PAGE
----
Remember, for all the anti-Americanism that exists in AKP circles, there’s still a belief that Washington’s endorsement matters. This is why Recep Tayyip Erdogan relied on Paul Wolfowitz and Richard Perle to show him around Washington back shortly before he became Prime Minister.

We need to do everything possible to suggest that number one, our support isn’t free, if it’s coming at all, that Turkey needs to act first.

CIDDI: Gallia?

LINDENSTRAUSS: So, I mean, for — I think — and it’s probably because I’m Israeli, but not only that the October 7th is a watershed event, I think Turkey’s getting nothing of its support of Hamas. It’s not getting any role in mediation, it’s getting only shame and what I think — I mean, if it can’t condemn it publicly, as you both suggested, then it can — but it can make the life of Hamas operative on Turkish soil much harder. It can expel them, it can stop giving them passports. Why are you giving them passports? There’s a lot Turkey can do, and that will be very beneficial, also to the Palestinians and the Palestinian cause.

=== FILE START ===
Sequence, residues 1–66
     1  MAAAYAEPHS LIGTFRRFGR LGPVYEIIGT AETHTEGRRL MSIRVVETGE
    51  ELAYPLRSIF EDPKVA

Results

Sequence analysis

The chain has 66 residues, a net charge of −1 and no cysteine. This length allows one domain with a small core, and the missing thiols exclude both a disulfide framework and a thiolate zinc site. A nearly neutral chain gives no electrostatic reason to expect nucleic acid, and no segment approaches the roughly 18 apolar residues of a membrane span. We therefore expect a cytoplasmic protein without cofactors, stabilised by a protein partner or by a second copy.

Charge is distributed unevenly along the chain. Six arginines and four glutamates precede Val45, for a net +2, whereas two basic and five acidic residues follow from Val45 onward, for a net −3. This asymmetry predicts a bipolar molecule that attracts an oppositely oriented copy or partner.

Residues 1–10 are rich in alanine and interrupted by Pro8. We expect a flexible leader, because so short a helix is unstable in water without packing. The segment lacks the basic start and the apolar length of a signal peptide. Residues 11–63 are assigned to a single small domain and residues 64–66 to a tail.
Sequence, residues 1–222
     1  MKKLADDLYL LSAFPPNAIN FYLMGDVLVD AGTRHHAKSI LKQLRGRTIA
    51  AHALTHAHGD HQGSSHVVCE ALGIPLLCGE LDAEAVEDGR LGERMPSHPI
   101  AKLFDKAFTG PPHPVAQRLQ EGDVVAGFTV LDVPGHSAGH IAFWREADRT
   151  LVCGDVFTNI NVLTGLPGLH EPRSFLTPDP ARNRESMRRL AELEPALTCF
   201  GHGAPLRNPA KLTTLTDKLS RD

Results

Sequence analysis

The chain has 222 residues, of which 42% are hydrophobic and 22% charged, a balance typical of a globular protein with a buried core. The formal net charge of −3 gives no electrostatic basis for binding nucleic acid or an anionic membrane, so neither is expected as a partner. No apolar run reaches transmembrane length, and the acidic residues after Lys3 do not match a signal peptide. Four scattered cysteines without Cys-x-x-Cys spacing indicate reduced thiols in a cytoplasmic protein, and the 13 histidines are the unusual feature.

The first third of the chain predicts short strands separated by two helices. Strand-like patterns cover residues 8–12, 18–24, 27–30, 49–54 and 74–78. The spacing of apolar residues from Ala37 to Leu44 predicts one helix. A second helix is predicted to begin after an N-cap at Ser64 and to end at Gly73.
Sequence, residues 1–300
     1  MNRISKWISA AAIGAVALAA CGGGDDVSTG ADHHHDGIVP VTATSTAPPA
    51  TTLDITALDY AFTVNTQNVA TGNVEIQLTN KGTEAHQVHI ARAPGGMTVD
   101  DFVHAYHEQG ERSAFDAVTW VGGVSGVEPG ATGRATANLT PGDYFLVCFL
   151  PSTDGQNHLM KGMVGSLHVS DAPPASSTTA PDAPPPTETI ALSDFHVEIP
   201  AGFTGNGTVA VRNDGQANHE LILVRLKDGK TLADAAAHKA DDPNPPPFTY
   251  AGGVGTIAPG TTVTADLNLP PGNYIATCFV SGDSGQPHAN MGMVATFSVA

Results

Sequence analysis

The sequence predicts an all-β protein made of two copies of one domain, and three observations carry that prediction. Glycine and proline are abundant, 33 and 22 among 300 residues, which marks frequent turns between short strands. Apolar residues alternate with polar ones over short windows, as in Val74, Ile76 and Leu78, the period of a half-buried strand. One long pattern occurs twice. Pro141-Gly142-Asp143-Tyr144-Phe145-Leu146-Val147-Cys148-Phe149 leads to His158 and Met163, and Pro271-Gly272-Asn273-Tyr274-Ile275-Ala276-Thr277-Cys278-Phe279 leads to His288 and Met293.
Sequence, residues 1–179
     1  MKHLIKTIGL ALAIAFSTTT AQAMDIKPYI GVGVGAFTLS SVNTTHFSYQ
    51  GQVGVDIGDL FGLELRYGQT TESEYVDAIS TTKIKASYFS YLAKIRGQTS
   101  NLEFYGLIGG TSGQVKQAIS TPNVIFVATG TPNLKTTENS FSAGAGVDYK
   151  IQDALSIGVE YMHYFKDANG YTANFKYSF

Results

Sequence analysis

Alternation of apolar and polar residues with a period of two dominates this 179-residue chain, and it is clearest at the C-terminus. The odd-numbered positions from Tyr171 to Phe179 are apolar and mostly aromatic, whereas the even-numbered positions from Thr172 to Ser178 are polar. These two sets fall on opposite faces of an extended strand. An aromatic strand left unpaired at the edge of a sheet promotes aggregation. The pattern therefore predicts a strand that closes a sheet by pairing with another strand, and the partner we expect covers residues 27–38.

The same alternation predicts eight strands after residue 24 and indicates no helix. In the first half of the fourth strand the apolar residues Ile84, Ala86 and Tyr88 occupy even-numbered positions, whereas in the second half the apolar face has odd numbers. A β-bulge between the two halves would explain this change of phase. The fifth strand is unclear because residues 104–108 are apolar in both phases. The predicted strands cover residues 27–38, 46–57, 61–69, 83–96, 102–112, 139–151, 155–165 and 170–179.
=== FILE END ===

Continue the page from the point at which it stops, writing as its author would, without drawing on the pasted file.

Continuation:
CIDDI: Last but not least, Tugce?

VAROL: It’s a paradox for United States’ foreign policy right now, right? Turkey’s position — how — you need to keep Turkey in the NATO allies, but at the same time, you need to maybe sanction in some areas.

So, from foreign policy perspective, I would not give Turkey to continue its illegal financial activities, because it’s a huge crime, very important crime. But at the same time, unfortunately, from geopolitical perspective, I will try to keep Turkey in the NATO as much as I can, yes.